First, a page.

pages of code), scenery....props....lighting...

And this is for a smallish game. Most of the rooms are merely placeholders for the
simulation pieces, and there's only one challenge and no real puzzles. And I
haven't even _started_ on the NPC yet.

> Now, I must add that I was attempting a level of detail I've not seen in most
> I-F, including NPC interaction, but I felt completely overwhelmed at the
> thought of attempting to write the entire game (which, in reality is quite
> short) and continuing at the same pace.
>

> For those of you who recieved an e-mail from me asking about 'reviewing' a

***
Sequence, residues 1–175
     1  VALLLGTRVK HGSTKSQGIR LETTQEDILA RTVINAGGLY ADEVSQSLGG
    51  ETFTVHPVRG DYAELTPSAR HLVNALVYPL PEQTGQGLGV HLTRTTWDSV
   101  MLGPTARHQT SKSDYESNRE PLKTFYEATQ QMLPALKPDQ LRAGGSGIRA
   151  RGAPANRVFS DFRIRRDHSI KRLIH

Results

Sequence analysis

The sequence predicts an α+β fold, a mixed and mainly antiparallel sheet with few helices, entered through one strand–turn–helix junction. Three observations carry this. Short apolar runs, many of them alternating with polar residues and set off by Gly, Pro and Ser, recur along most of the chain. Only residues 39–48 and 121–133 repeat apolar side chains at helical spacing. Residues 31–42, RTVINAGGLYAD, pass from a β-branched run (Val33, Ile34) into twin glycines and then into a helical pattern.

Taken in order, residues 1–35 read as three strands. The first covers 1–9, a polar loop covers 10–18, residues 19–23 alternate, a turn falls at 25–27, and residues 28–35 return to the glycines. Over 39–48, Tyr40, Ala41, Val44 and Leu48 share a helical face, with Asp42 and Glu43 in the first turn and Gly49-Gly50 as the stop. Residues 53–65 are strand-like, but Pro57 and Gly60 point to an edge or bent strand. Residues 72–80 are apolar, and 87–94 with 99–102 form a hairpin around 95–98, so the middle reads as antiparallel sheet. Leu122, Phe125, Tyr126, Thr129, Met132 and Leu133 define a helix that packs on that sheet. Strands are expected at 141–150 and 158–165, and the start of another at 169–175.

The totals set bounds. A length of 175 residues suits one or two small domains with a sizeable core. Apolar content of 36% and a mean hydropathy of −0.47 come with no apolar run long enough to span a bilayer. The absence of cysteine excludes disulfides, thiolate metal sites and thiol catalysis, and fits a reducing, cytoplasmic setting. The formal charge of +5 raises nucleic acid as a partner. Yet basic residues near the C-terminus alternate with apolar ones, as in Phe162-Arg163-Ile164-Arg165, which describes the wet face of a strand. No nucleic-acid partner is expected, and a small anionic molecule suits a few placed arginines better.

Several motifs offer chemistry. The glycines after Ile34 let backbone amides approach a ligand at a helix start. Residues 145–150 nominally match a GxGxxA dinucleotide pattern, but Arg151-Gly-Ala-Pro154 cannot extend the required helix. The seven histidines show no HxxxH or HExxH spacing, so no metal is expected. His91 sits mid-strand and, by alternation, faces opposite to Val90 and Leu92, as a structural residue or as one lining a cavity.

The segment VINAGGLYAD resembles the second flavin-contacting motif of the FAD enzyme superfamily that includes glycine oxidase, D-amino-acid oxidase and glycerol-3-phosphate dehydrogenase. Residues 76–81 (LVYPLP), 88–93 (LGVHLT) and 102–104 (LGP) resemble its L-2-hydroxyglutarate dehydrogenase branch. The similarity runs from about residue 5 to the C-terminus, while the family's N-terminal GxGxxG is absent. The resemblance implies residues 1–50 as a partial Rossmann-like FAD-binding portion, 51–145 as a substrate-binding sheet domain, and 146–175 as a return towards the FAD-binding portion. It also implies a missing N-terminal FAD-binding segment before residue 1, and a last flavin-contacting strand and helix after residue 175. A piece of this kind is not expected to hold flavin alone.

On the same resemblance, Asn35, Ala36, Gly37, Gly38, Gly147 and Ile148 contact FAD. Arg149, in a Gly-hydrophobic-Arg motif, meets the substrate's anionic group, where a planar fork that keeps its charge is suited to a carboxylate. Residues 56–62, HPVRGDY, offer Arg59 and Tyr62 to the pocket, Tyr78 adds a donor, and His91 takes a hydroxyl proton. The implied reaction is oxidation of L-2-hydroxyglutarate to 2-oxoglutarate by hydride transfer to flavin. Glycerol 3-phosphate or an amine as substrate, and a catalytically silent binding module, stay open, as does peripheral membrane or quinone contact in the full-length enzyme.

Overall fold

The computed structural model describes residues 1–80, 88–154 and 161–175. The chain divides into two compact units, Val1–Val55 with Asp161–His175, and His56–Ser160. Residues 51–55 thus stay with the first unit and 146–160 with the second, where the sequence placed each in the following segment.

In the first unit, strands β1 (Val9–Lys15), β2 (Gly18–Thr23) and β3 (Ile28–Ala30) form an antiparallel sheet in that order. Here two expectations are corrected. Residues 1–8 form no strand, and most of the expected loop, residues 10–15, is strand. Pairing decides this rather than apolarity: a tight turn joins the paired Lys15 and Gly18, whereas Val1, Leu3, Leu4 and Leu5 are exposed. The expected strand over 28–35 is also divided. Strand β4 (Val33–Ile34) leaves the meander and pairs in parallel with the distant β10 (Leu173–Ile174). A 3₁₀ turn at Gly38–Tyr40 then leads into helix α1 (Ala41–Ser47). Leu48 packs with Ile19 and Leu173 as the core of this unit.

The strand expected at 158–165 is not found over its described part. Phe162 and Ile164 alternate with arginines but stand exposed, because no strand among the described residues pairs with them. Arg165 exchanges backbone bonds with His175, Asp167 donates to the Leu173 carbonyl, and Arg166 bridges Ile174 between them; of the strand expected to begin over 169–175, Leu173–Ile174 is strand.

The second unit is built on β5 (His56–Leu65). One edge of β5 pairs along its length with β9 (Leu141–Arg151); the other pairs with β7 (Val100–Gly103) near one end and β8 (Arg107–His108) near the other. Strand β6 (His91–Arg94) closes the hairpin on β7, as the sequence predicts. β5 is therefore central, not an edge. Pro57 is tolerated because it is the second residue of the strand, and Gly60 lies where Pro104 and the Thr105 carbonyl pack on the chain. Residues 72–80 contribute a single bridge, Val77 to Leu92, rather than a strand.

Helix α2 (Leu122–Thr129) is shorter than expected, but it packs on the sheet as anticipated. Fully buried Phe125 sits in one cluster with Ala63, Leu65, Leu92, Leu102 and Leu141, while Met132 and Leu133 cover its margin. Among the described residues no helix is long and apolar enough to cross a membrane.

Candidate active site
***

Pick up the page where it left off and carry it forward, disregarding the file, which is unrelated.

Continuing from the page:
> work, I apologize. Now you know why you never got it.
>
> I'm probably going to go back to the thing, eventually. But a few weeks ago I
> gave up on the thing and started a new project as a breath of fresh air.
>
> Something short, I thought. Something easy.
>
> No such luck.
>

> Once again, I find myself getting slogging along at a pitiful rate. I've got
> another notebook and I've done tons of research (the most fun part, actually)
> and I'm all set with puzzles and maps and characterizations and NPC-
> interactions and...
>
> ...and it's taking forever to implement the damnable thing.
>

> Now part of the problem I'm running into is the 'stetson that works like a
> stetson' problem (those of you who read XYZZYNews should know what I mean) ...
> trying to implement objects/rooms/NPCs in a manner that doesn't totally
> destroy the suspension of disbelief.
>
> I'll make a few rooms, set up the through-line that I want to happen, put